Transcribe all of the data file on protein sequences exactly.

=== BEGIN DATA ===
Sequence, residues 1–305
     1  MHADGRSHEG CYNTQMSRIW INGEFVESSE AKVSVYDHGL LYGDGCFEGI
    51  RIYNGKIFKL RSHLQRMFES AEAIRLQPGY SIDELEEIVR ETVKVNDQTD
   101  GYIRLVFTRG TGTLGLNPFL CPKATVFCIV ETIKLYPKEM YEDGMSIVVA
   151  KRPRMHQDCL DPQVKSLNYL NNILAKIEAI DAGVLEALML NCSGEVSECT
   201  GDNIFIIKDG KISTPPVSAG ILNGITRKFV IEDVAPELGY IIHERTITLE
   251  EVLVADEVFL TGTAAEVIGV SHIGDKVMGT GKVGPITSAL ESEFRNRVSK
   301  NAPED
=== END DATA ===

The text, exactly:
Sequence, residues 1–305
     1  MHADGRSHEG CYNTQMSRIW INGEFVESSE AKVSVYDHGL LYGDGCFEGI
    51  RIYNGKIFKL RSHLQRMFES AEAIRLQPGY SIDELEEIVR ETVKVNDQTD
   101  GYIRLVFTRG TGTLGLNPFL CPKATVFCIV ETIKLYPKEM YEDGMSIVVA
   151  KRPRMHQDCL DPQVKSLNYL NNILAKIEAI DAGVLEALML NCSGEVSECT
   201  GDNIFIIKDG KISTPPVSAG ILNGITRKFV IEDVAPELGY IIHERTITLE
   251  EVLVADEVFL TGTAAEVIGV SHIGDKVMGT GKVGPITSAL ESEFRNRVSK
   301  NAPED